Lisa Funderburke Hoffman
August 11, 2020

“You’re on a path and you have to be consistent and you have to be persistent.” —John Lewis

Dear AAC Network,

The struggle for residencies to fundraise for basic operations and justify expenses for processes, not products is ongoing. And now we’re wrestling with the question: How can residency leaders and boards fulfill the organization's purpose in the midst of a humanitarian crisis, a global pandemic, civil unrest in response to unrelenting assaults on Black bodies, and an economic downturn when the smallest fraction of relief funds go to residencies? Predominantly white, land rich but cash poor, residencies have been forced into new constraints and now must consider how to provide artists with time, space, and resources. All while wondering if today will be the day someone calls out your organization for racism, sexism, or harassment or questions the provenance of the land your residency sits on.

It seems to me the question for leadership staff and boards to be asking now is not what funding model can monetize or capitalize residency programming but: How do we reshape or build a residency experience to create a climate where any artist or staff member can thrive? This is not about making your residency program virtual or finding time in your schedule to host artists of a specific identity. This question is about interrogating your organizational model for the purpose of deep structural change.

Last year, Mellon Foundation invested in the AAC, providing a significant grant to support the refinement of our Residency Self-Assessment Tool to strengthen an organization’s equitable capacity, meaning the ability of an individual or organization to be equitable in their work and begin to dismantle white body supremacy. This grant enables AAC to facilitate peer exchange and deeper examination of effective residency practices that can be scaled for specific contexts. Learn more about the Residency Self-Assessment Tool here and how you can get involved.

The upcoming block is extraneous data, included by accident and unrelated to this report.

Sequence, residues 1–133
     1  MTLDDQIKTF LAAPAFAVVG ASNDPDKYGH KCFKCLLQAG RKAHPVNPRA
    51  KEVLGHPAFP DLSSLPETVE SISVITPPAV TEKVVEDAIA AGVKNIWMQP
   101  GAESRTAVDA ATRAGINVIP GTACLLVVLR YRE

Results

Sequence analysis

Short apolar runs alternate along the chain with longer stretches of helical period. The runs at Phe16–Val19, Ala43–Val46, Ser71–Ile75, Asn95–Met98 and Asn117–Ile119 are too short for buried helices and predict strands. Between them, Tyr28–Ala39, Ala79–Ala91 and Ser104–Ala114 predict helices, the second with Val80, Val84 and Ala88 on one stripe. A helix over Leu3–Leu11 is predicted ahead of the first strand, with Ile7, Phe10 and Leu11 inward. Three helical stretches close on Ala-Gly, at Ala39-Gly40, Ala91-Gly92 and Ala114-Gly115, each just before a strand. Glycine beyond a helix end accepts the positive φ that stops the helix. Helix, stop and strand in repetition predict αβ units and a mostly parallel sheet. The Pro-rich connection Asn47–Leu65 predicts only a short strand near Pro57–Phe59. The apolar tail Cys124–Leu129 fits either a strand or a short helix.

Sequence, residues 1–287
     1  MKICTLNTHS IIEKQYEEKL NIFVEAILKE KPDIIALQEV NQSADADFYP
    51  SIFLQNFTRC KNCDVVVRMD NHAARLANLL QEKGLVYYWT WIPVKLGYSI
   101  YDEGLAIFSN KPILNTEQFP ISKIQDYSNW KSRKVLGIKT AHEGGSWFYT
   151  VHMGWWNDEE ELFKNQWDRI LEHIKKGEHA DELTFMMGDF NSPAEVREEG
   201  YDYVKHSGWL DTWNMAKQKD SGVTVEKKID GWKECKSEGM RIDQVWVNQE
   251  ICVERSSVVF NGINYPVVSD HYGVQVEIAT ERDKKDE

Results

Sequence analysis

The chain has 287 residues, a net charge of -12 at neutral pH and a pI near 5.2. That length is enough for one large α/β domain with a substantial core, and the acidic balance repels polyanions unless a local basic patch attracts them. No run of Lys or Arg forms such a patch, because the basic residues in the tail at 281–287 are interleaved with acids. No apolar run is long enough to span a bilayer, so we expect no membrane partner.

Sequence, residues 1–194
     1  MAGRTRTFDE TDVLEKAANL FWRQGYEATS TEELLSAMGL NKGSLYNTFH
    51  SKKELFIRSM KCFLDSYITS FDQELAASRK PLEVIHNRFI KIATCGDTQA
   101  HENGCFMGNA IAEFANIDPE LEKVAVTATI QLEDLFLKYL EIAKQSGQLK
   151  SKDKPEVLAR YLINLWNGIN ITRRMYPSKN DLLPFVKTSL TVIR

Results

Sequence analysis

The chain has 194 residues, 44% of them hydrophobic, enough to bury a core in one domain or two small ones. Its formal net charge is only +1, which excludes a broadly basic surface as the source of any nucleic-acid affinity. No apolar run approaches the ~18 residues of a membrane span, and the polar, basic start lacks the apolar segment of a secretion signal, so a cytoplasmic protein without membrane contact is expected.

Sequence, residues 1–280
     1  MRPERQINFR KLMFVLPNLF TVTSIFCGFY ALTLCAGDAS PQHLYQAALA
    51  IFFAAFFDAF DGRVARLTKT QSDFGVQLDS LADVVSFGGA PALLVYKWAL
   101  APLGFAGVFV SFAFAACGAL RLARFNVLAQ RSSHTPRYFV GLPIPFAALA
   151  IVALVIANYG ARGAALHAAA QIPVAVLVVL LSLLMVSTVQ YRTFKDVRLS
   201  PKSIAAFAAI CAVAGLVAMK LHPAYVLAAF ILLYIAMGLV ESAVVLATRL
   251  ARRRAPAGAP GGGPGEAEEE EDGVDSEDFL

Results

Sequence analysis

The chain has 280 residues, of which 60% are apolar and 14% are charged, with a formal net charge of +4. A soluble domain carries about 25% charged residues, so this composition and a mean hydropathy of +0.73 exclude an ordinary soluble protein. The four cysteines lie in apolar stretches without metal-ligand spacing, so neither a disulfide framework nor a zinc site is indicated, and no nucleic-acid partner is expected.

A director I once worked with was known for saying, “We’re building this airplane while we’re flying it.” It sounded exciting at the time and this frenzied working culture felt innovative and purposeful. But it often exacerbated the tensions between our organization’s strengths, resources, and relationships and further confused the staff about who our audience was because each of us was serving someone different. Let’s be honest if we’re building a plane while flying it, we’re only serving our individual interests, which is saving our own lives and legacies and this comes at the cost of the artists we serve and the teams we lead.

How many of you are building your airplane while flying it? Are you more interested in preserving your livelihood and legacy or fulfilling the mission of your organization? Do you eschew new ideas or dialogue about abdicating power? Do you genuflect to white comfort, extoll science, or reinterpret history when engaged in topics that make you uncomfortable, like racism, ableism, transphobia, monuments, or privilege and power? It takes great vulnerability and discipline to ask yourself the beautiful question, to apply a critical lens to your leadership, your individual and organizational identity, and your planning. If you truly believe that artists and art are essential to human progress, and that residencies are part of the future, then you will consistently accept the invitation to get comfortable with discomfort.

Lisa Funderburke Hoffman

Executive Director, Alliance of Artists Communities


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